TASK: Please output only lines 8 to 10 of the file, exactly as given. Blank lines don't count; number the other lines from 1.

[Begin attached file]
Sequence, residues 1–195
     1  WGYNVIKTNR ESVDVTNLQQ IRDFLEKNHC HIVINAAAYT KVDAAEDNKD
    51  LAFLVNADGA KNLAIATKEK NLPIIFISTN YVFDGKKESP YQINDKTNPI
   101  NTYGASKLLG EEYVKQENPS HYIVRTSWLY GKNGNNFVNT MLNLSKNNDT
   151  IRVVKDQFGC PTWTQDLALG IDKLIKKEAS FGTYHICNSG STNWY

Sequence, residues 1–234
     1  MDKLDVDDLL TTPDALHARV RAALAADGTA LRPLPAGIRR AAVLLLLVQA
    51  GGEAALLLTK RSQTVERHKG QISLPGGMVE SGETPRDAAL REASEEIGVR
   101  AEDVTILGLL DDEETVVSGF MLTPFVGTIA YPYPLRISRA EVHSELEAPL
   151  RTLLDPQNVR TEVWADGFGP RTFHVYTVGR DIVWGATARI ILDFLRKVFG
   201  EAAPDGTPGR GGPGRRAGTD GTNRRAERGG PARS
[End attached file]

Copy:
    51  GGEAALLLTK RSQTVERHKG QISLPGGMVE SGETPRDAAL REASEEIGVR
   101  AEDVTILGLL DDEETVVSGF MLTPFVGTIA YPYPLRISRA EVHSELEAPL
   151  RTLLDPQNVR TEVWADGFGP RTFHVYTVGR DIVWGATARI ILDFLRKVFG